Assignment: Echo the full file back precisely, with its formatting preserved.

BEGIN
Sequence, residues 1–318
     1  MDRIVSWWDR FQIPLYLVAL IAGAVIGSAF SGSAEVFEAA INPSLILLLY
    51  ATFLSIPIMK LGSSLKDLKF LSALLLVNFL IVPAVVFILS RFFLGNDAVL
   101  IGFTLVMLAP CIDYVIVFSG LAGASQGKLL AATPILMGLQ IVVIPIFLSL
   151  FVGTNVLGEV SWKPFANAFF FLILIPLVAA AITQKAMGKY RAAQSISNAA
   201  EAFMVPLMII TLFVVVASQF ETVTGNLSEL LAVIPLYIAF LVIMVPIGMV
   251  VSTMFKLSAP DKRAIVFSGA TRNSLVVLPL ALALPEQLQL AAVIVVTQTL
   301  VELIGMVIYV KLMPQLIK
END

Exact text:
Sequence, residues 1–318
     1  MDRIVSWWDR FQIPLYLVAL IAGAVIGSAF SGSAEVFEAA INPSLILLLY
    51  ATFLSIPIMK LGSSLKDLKF LSALLLVNFL IVPAVVFILS RFFLGNDAVL
   101  IGFTLVMLAP CIDYVIVFSG LAGASQGKLL AATPILMGLQ IVVIPIFLSL
   151  FVGTNVLGEV SWKPFANAFF FLILIPLVAA AITQKAMGKY RAAQSISNAA
   201  EAFMVPLMII TLFVVVASQF ETVTGNLSEL LAVIPLYIAF LVIMVPIGMV
   251  VSTMFKLSAP DKRAIVFSGA TRNSLVVLPL ALALPEQLQL AAVIVVTQTL
   301  VELIGMVIYV KLMPQLIK